[From the BrocWok blog]
Week Number One
What’s warm? : Jude Law
What’s greenish? : Ten Key Values of the Green Party (USA)
What’s fresh? : Sister Furong
What’s stinky? : Stinky Pete Instrumental Surf
[From The Nate Report]
You are very wrong about multiple parties. What you are in fact doing is denying countless people the right to vote. When there is no party that I can identify with you have taken away my right to vote. Oh Goody, I can chose an upper middleclass liberal or a capitalist neo-con. So much for the populism you advocate.
I did vote Green in 2004 (not Nader) and before that had not voted since my 1992 Clinton mistake. The fact of the matter is if there was not a Green Party locally my only real choice would have been to stay home.
The constitution does not mandate a two party only an electoral college. States can determine how to divide those votes. This does not have to take the form winner take all. The real constraints are state laws not the constitution.
Until the Dems realize third parties are to their advantage and support an atmosphere where they can florish they will continue to lose. What we need is consensus on a system of multiple parties within a unified left.
This means pushing IRV where one makes a 1st, 2nd, and 3rd choice. Under such a system if a Green or Nader does not get enough of the vote it would go to a Kerry. Our modern society is far too complex to put everyone in two boxes without throwing a lot of the issues and voters in the trash.
Also, get you facts straight. Nader is not nor never was a Green. The Green Party is the only party that is taking a stand against the Iraq War, for universal health care, a living wage, universal sick time, and a host of other issues.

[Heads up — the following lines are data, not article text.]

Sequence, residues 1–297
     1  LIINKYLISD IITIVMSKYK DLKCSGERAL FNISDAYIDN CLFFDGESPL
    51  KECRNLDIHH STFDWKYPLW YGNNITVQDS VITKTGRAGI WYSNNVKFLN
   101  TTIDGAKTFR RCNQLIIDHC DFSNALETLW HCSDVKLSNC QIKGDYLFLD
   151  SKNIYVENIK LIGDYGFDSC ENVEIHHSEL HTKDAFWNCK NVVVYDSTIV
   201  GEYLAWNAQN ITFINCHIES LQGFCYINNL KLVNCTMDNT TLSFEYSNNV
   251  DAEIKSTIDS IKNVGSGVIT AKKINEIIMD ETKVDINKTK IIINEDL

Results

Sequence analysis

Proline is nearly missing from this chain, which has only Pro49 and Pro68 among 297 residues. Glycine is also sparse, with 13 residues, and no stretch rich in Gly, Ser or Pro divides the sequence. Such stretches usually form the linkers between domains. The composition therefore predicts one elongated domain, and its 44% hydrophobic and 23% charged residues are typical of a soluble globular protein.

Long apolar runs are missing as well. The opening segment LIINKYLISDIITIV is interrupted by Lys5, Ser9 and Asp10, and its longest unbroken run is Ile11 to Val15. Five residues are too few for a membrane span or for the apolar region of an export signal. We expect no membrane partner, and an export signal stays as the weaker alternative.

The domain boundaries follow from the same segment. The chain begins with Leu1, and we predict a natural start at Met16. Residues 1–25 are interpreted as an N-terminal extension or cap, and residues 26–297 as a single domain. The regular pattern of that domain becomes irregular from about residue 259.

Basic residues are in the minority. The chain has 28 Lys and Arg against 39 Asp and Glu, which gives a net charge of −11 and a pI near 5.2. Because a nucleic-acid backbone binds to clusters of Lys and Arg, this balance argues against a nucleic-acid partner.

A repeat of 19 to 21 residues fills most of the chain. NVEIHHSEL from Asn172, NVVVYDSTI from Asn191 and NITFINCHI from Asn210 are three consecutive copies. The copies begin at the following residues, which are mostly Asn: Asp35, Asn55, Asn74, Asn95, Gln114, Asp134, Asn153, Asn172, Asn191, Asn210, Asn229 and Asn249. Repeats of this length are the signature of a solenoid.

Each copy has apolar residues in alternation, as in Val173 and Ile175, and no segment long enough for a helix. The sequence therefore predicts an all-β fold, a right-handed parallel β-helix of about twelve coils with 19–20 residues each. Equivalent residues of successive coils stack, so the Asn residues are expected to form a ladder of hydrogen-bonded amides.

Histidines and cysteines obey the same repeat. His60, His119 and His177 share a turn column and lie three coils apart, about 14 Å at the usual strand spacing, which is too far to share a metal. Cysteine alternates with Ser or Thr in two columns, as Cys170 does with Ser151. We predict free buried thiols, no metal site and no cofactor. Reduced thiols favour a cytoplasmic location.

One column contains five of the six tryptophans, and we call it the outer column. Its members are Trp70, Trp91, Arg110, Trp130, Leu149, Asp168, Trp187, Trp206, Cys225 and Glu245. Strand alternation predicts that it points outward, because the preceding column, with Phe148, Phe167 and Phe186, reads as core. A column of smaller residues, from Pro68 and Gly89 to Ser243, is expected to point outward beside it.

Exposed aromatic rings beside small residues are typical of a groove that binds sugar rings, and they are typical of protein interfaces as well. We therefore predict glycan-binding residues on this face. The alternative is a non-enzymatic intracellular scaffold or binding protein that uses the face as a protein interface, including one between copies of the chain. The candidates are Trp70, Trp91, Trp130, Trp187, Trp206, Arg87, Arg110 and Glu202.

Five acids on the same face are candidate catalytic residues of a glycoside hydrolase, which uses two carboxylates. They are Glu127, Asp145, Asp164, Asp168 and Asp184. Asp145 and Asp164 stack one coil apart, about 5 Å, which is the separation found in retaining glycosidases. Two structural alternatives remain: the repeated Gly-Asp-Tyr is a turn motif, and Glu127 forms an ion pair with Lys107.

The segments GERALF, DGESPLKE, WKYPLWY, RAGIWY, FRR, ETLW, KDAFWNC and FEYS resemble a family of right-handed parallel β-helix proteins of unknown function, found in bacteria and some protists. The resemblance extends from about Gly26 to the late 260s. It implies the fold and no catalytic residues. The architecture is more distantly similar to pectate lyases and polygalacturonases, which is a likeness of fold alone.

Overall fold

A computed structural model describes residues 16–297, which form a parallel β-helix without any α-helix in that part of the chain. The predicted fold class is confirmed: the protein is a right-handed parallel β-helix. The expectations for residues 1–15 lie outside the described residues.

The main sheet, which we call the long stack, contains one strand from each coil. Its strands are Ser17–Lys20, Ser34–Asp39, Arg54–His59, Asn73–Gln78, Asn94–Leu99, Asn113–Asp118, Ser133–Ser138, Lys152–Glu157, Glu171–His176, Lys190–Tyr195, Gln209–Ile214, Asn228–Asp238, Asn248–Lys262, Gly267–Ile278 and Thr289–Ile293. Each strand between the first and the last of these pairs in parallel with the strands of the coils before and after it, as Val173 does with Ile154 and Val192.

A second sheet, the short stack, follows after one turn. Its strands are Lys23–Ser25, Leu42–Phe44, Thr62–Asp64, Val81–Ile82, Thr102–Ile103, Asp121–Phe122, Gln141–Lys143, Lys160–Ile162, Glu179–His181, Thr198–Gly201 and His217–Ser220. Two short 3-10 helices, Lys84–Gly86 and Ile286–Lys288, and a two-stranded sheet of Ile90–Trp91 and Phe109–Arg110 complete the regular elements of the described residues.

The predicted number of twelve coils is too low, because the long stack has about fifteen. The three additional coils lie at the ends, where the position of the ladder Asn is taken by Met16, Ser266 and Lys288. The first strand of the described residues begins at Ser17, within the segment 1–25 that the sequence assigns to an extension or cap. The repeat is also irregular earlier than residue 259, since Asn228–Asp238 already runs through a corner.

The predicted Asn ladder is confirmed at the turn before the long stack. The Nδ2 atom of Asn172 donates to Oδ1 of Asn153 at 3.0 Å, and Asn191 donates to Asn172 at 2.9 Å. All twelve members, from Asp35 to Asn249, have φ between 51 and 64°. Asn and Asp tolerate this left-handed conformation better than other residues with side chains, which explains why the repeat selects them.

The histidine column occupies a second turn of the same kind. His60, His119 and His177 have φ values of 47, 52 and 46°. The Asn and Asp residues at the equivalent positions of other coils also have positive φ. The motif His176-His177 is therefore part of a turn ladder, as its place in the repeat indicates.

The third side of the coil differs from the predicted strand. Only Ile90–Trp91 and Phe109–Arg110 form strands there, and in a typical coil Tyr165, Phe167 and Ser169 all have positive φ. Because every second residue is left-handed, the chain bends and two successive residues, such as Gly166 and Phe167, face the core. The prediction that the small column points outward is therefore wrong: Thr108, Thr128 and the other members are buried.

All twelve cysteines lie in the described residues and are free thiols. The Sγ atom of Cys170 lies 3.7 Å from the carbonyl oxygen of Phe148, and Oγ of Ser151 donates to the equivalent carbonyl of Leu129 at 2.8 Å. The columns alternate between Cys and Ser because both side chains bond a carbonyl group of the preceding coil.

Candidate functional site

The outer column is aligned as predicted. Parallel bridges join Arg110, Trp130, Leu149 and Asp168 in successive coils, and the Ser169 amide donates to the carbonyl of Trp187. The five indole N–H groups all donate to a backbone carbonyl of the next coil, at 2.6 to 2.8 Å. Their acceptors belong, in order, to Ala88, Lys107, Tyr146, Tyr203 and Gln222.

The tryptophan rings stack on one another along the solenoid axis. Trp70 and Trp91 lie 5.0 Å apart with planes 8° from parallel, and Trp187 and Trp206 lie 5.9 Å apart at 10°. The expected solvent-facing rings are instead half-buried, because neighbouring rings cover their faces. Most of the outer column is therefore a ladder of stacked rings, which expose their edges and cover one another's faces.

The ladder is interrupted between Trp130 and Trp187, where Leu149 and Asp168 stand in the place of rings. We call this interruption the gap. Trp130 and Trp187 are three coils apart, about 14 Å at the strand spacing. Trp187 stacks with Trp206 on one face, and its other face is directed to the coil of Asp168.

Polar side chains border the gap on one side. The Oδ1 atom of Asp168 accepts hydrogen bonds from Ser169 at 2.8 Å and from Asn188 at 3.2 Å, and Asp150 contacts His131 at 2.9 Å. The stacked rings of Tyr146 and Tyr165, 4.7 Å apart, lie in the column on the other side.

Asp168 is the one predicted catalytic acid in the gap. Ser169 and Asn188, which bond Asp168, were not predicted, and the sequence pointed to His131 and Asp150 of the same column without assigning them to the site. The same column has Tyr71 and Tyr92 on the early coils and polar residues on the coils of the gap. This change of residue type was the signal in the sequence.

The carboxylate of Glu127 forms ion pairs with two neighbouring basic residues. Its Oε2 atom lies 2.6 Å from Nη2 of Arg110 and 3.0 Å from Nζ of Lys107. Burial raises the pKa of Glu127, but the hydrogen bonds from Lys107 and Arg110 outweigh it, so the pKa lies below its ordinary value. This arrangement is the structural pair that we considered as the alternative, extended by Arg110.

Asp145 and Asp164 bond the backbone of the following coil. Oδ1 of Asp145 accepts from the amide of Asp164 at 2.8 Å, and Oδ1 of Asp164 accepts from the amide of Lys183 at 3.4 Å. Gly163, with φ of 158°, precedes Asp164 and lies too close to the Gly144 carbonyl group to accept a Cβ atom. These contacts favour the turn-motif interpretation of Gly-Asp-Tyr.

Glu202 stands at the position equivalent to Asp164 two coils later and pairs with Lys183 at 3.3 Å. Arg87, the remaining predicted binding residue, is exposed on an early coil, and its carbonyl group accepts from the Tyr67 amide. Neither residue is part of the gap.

[From freak_in_need: ]
Kaye (freak_in_need) wrote,
Just popping in again
A cookie recipe and some ETH later, and I feel better. And motivated to actually get up and do something.
I’ve been researching the Green Party and am seriously considering registering to vote as a Green, because they do not depend on money from corporations and are therefore somewhat less subject to extreme corruption. I need to learn more, and once I do I may even start bugging people to jump on my bandwagon. Opinions? Pretend it’s a poll, I don’t have a paid account so I can’t do a real one.
Congratulations and thanks are to be given to MoveOn, True Majority, and Democracy for America for facilitating the anti-war vigils of two nights ago. Even the Republican Party is now standing up and taking notice of the popular opposition to the Iraq War, thanks to demonstrations like these.
However, it is important for progressive activists to now ask themselves – are these organizations the backbone of the movement we seek to create? Some activist citizens, especially those who are members of Democracy for America, seem to operate this way, taking emails from these organizations as their primary calls to action. When the organization needs support, they are there to provide it, trusting that if the organization promotes a cause, it must be worth their attention.
Unfortunately, some of these progressive activist organizations sometimes ask us to support causes that do more to promote the interests of the establishment Democrats than to further the progressive cause. MoveOn, for example, is asking its members to support the re-election campaign of Senator Bill Nelson, who is one of the most conservative Democrats in the United States Senate. MoveOn also wants us to help fund the senatorial campaign of Bob Casey, a pro-lifer with Republican ties, in spite of the fact that there is a solid progressive candidate for the Democratic Party nomination, Chuck Pennachio.
Then there’s ActBlue, an organization that seems to think that so long as a candidate is a Democrat, they’re worth supporting. ActBlue is asking us to support the re-election campaign of Representative Stephanie Herseth, who supported the invasion of Iraq and has been a longtime supporter of Republican schemes to increase the tax burden on working Americans while giving special tax favors to the rich. ActBlue also wants us to support the re-election of Representative James Matheson, who earns just a 15 percent progressive score on our legislative scorecard – half of his regressive conservative score.